Approximately 90 percent of Americans consume caffeine on a daily basis. It may provide us with more energy and alertness when we feel like we need it most, but when does caffeine intake become too much?
Experts say that we can feel the benefits of caffeine with as little as 50 to 100 mg, which is equivalent to a small cup of coffee. But beyond that, caffeine can result in nausea, sleep deprivation, and anxiety, plus mask true adrenal fatigue. Find out here if you are addicted to your morning jolt and how to curb your caffeine cravings.
- Track your caffeine patterns. Genes dictate how people metabolize caffeine. In order to discern your tolerance, observe caffeine’s effects on your body. Experiment with using a bit less or a bit more and see how that influences the way you feel, think, and behave. Adjust use accordingly. Moreover, less caffeine is generally better as the benefits typically occur at even low doses.
- Be aware of dependency. Understanding how much caffeine you regularly consume will help control intake. Each person reacts to caffeine’s effects differently, but if you are jittery or sick to your stomach, chances are you had too much caffeine. With over consumption, you may also start to only experience negative effects such as nausea, insomnia, and rapid heart rate.
- Gradually cut back. Cutting caffeine out of your diet cold turkey may result in negative withdrawal effects, such as feeling sluggish and tired and having difficulty concentrating. If you would like to limit your caffeine consumption, gradually phase it out of your everyday routine.
–Daniel P. Evatt, PhD, Johns Hopkins University, Baltimore, Maryland
- Everything in moderation. The U.S. Food and Drug Administration and the American Medical Association classify a low caffeine intake as 130-200 mg and a moderate intake as 200-300 mg. In addition to increased alertness, focus, and energy, low to moderate intake has some benefits on neurological disease and depression and may decrease risk of diabetesLimit caffeinated beverages to two cups or servings a day. Avoid soft drinks and energy drinks, sticking to coffee or green tea when you need a caffeine fix.
- Substitute with supplements. Switching out your morning cup of Joe for an adrenal-support supplement will not only stimulate youbut will also support your body’s adrenal glands for the long-term. Our adrenal glands keep us going “overtime” when we’re stressed or working hard. Great caffeine substitutes include ginseng, ashwagandha, licorice root, and rhodiola.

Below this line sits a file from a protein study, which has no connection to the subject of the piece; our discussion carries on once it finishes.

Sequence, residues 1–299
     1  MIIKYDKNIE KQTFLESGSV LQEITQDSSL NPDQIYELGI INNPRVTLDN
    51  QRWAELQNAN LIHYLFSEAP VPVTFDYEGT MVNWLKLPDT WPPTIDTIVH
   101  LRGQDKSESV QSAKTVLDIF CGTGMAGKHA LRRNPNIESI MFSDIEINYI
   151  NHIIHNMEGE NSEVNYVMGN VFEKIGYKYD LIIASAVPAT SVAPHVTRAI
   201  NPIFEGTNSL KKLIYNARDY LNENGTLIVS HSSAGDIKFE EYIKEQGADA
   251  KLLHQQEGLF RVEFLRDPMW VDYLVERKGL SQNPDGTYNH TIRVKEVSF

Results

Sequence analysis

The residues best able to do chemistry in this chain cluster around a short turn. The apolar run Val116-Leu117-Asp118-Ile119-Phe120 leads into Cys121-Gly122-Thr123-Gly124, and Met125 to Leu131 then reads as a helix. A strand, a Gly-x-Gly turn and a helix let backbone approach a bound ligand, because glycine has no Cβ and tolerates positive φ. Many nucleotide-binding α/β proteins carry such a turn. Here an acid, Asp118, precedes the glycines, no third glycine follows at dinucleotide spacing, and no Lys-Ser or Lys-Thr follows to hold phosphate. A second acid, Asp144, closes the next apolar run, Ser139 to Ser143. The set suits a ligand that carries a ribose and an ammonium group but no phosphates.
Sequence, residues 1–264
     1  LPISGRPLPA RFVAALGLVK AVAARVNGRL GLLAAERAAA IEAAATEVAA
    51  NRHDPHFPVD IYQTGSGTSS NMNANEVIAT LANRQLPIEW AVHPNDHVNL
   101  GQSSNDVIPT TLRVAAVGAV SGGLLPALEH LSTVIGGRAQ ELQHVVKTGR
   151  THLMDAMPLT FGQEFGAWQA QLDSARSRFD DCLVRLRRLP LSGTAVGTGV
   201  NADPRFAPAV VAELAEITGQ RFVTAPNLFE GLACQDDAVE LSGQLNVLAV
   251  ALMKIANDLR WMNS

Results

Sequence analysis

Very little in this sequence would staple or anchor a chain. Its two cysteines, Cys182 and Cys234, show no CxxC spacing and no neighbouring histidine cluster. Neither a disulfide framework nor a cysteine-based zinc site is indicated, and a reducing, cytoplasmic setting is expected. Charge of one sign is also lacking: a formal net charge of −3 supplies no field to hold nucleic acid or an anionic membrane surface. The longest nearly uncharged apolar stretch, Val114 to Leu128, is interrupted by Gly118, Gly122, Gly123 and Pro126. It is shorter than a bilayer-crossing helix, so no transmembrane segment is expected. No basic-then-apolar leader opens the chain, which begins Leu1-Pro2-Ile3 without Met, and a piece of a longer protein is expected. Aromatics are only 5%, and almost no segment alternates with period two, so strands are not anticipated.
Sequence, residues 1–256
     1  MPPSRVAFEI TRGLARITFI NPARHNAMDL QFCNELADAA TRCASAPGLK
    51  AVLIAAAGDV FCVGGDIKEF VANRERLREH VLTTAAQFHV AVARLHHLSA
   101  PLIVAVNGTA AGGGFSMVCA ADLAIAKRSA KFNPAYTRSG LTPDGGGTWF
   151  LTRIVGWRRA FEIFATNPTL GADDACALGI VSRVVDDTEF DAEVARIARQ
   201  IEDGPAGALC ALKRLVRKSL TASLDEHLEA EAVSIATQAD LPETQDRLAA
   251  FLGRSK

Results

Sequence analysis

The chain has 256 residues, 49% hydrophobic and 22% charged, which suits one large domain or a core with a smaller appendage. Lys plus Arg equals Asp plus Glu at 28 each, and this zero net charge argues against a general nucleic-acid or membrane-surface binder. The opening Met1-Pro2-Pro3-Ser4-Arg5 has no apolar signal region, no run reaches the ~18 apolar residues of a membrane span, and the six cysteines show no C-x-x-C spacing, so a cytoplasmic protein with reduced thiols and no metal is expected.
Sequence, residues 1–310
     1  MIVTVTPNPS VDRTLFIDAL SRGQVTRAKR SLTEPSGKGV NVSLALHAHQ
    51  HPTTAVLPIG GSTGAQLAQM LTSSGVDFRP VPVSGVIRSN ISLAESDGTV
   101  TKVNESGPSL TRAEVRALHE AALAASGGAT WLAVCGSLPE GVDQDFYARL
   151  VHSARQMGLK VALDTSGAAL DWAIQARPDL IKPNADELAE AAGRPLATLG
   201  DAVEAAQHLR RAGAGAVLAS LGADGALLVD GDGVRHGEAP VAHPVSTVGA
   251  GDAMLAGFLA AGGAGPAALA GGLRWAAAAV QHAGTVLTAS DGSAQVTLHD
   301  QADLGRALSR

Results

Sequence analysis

- Keep it to the morning. Drinking coffee or black tea in the late afternoon or evening will affect your sleep cycles. By the time your body processes the caffeine, it may take several hours before it leaves your body. To stay energized later in the day, stick to healthy foods, such as a salad with lean protein for lunch or an apple with peanut butter as a snack; stay hydrated; and take a brisk walk to build energy so you can sleep soundly later.
–Kemby DeLellis, ND, Lokahi Health Center, Kailua-Kona, Hawaii
- Limit during pregnancy. Experts recommend pregnant women consume only small amounts of caffeine during pregnancy because it increases heart rate and blood pressure. Because your baby’s metabolism is still maturing, it cannot process the caffeine the same way you can. During the last stages of pregnancy, caffeine can disrupt the baby’s sleep and movement patterns. Mothers who regularly consume more than 400 mg of caffeine a day may observe withdrawal symptoms.
- Maintain good habits. After your baby is born, you should still watch your caffeine consumption. The American Academy of Pediatrics recommends breast-feeding women consume no more than 200-300 mg a day. These low amounts of caffeine won’t impact healthy infants: Breast milk contains one percent of the caffeine ingested by the mother. However, if your newborn shows signs of restlessness, limit your caffeine intake further to see if that is the cause.
- Monitor your kids. Studies show child and adolescent caffeine consumption is on the rise. Energy drinks, which can contain 4 to 6 times the amount of caffeine found in soft drinks, are often marketed directly to adolescents. Children can experience difficulty sleeping when consuming as little as 1 mg caffeine per approximately 2 lbs of body per day, or about one 12-oz can of Mountain Dew for an 80-pound child. Offer healthy substitutes, such as water or low-sugar fruit juice.
–William Warzak, PhD, University of Nebraska Medical Center, Omaha, Nebraska